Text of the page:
30 April 2004
30 April 2004
The Cooperative Research Centre (CRC) for Advanced Composite Structures has received further Government backing.
The new centre, built at a cost of 65 million Australian Dollars, is unique in that it is one of only six CRCs - and the only one in manufacturing - to be supported by the Commonwealth Government to continue into a third year of a seven-year term.
The Australian Government will provide $15 million to support the CRC for Advanced Composite Structures to continue its work through to 2010.
“The CRC for Advanced Composite Structures will work closely with industry to further develop Australia’s aerospace, maritime and general composites industries,” Australian Government Science Minister Peter McGauran said in launching the CRC in Victoria.
The activities of the Centre cover research, education, commercialisation and technology transfer in the areas of aerospace, maritime and general composite structures. The major industry participant is Hawker de Havilland, Australia’s leading aerospace design and manufacturing organisation, which is involved with many of the world’s newest major aircraft projects, such as the Airbus A380, Boeing 7E7 and Lockheed Martin F-35 Joint Strike Fighter.
“The CRC has attracted international interest and has already carried out work for the United States Office of Naval Research. Future collaboration includes the Boeing 7E7 project, the Joint Strike Fighter Programme and the Airbus A400M. It will also bring together many of Australia’s research, design and manufacturing organisations in advanced composites, and will build upon the work of the CRC for Aerospace Structures established in 1991,” Mr McGauran said.
Together with its research providers in Melbourne – Monash and RMIT Universities, and CSIRO Molecular Science, and in Sydney – the Universities of New South Wales and Sydney, the Centre represents the cream of the Australian R&D community in advanced composites. This impressive capability is further strengthened through the Centre’s Supporting Members, GKN Aerospace Engineering Services, MSC Software Australia and Pacific Engineering Services International, each of which is also making important contributions. Recognition of the excellence of this team is evidenced by its “blue-chip” clients, such as Europe’s Airbus and the US’s Office of Naval Research.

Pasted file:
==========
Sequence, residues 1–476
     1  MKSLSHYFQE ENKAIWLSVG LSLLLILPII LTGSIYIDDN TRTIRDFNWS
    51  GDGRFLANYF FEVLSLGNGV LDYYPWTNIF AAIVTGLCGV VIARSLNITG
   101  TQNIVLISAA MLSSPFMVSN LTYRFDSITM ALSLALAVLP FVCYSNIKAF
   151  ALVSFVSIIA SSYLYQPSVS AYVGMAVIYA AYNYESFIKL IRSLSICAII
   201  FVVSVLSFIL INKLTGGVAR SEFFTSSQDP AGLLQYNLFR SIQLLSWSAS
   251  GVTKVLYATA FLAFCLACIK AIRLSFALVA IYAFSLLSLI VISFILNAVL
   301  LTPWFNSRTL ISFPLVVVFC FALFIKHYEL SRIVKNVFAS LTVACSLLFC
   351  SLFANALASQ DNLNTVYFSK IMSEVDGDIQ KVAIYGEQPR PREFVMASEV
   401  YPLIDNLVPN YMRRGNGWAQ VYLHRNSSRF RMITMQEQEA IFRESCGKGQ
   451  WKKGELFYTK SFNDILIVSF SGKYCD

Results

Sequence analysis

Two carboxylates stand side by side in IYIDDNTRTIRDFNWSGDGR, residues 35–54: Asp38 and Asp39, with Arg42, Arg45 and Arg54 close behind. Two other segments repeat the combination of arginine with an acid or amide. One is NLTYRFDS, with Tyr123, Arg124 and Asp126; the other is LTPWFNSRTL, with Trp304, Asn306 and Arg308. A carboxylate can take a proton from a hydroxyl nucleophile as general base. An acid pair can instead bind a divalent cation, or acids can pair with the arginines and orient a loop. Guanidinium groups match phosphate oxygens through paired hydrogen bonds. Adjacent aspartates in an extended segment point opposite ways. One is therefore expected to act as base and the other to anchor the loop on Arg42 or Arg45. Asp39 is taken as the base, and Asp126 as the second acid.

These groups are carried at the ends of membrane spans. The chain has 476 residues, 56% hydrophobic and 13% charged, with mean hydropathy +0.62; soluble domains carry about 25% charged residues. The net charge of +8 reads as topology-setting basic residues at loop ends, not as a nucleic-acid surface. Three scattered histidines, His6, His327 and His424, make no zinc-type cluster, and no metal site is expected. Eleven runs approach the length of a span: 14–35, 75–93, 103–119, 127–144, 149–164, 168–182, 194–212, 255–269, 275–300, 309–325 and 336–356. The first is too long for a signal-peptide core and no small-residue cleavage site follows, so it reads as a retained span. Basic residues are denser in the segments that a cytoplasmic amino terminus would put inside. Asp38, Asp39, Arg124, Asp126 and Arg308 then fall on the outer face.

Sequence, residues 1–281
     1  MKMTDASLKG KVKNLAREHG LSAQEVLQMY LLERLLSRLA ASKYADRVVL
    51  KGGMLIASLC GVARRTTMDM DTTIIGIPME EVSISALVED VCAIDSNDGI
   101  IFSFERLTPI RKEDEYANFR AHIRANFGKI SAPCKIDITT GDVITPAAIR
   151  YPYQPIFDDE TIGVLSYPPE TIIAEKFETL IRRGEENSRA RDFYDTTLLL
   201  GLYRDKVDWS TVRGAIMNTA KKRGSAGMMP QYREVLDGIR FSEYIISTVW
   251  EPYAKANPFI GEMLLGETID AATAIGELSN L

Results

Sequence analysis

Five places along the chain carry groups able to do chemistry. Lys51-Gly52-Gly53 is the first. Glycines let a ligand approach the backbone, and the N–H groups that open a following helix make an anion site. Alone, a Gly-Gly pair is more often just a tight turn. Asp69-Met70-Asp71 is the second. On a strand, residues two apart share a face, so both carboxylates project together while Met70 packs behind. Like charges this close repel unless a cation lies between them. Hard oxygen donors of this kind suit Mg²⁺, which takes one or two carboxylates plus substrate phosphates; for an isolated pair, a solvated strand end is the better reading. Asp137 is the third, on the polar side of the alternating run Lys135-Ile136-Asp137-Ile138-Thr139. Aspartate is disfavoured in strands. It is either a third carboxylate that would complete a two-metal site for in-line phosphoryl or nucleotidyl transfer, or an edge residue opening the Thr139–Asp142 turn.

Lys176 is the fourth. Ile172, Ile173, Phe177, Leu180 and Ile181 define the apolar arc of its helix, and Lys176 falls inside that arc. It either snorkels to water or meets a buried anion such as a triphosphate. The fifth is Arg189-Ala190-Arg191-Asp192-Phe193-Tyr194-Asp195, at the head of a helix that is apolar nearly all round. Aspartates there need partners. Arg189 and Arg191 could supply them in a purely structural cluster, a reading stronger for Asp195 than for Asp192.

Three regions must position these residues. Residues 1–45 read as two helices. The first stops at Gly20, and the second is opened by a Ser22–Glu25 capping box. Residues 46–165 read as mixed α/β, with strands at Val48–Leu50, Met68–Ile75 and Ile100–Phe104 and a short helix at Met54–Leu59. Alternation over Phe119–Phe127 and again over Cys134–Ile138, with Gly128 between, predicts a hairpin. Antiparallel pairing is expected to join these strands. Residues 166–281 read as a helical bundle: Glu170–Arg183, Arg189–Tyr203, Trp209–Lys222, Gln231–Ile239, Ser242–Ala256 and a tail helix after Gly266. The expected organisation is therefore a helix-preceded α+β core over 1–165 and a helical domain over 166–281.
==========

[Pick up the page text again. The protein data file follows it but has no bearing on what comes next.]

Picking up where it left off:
Over the next few years, the Composites CRC will be concentrating on developing new intellectual property in the areas of affordable design, manufacture, assembly and support of aerospace, maritime and ground transportation vehicles and infrastructure.
Through an integrated research, innovation and commercialisation process, new composites technologies will be developed and implemented that will hope to achieve significant benefits for Australian industry. These new benefits will build upon and complement a portfolio of 62 technologies that were developed in the first two terms of the Centre and now form a sound basis for much of the planned developments. Also part of the new program are the new “break-through” technologies of “nano” and “smart” composites that are expected to lead to quantum leaps in operational performance. Research in these areas will be in collaboration with international researchers through mechanisms like the European Commission’s “Sixth Framework Programme”.
Alvant has been appointed to work on a two-year, £28 million project titled Large Landing Gear of the Future, which aims to deliver a 30% weight reduction and assist the aerospace industry’s drive to reduce fuel consumption and carbon emissions.
Hexadrone’s 3D printed Tundra prototype, manufactured by CRP Technology via laser sintering (LS) technology using Windform SP and Windform XT 2.0 carbon composite materials, has won the Red Dot Award 2018 in the drone category.
UK company Norco Composites has invested in a larger spray booth and a new cutting and kitting machine to enable the company to increase productivity in line with growing demand from its marine customers.